A: I love writing poetry. I think the challenge of writing poetry (for me, at least) is the mental work I do before I sit down to write. I like to think about what I’m trying to achieve with the piece and find my way “in” – will the poem be humorous, should there be a punch line or a twist at the end, or is it lyrical in style, more informative, etc. Once I have an idea of where I would like to go with the poem, I like the creative challenge of achieving that goal and creating my best work.
One very rewarding aspect of my inclusion in the anthology And the Crowd Goes Wild has been the opportunity to continue to work with a number of Illinois poets. A few of us have created a wonderful sports poetry elementary school program and we’ve taken our show on the road to a number of schools this past year. Heidi Roemer, co-editor of the book, helped organize all of us and our team includes Michelle Schaub, Pat Cooley, Cathy Cronin, Patty Toht, and me. We’ve had loads of fun working with K-5th graders, presenting both auditorium programs and grade-level break-out sessions. We all wear our favorite sports jerseys, act out a number of skits for the students, and talk about one of our favorite topics – poetry!
Q: What is your writing process?
A: To boil it down to the most basic steps: I like to think about my project for quite a while and brainstorm ideas, then of course I write an awful first draft, revise – revise – revise, then polish the final draft. If it’s a nonfiction piece, of course there is a heavy research component in the early stages, and that is something I truly enjoy.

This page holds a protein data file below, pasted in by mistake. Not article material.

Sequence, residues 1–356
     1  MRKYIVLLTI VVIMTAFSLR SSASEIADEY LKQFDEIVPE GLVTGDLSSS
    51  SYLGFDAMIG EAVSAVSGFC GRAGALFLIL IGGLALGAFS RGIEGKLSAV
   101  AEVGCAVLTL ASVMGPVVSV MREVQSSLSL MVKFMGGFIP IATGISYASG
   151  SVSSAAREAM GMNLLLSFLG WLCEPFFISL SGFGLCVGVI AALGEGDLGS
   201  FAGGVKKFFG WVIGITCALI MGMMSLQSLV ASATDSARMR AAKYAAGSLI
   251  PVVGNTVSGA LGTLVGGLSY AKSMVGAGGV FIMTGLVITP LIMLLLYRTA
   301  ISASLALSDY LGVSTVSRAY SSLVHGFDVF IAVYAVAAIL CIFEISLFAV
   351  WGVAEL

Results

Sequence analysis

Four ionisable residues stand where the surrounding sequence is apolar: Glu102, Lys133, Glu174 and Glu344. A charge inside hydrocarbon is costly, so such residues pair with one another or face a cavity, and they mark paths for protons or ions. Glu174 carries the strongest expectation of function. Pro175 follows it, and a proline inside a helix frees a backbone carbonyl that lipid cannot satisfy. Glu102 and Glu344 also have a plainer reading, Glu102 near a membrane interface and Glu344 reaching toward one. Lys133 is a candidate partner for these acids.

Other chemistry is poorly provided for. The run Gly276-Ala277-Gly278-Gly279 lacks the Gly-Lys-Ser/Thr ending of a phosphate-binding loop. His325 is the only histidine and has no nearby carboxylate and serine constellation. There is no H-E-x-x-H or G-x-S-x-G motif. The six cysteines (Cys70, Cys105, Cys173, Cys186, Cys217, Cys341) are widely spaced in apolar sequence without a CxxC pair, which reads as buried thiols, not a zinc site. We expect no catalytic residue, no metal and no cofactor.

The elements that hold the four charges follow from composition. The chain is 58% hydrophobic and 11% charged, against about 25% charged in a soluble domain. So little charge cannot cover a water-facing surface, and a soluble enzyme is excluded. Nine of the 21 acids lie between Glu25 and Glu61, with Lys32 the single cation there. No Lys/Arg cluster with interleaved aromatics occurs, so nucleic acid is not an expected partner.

Q: To write for children, do you think an author needs to have regular interaction with children? How does that work for you?
A: Yes – our young readers are such a key component to everything we do as we write books for their listening and reading enjoyment. My sons are in high school and college, so they’ve graduated well beyond the scope of what I write for young readers and listeners. I make a point of spending a lot of time with young children during my school and library programs. I enjoy the time together and young kids always make me laugh with their great comments! Most of all, I think you have to be young at heart. I love writing days when I can channel what a 6-year-old wants to read in one of my books. It’s a great day to spend time thinking like a 6-year-old!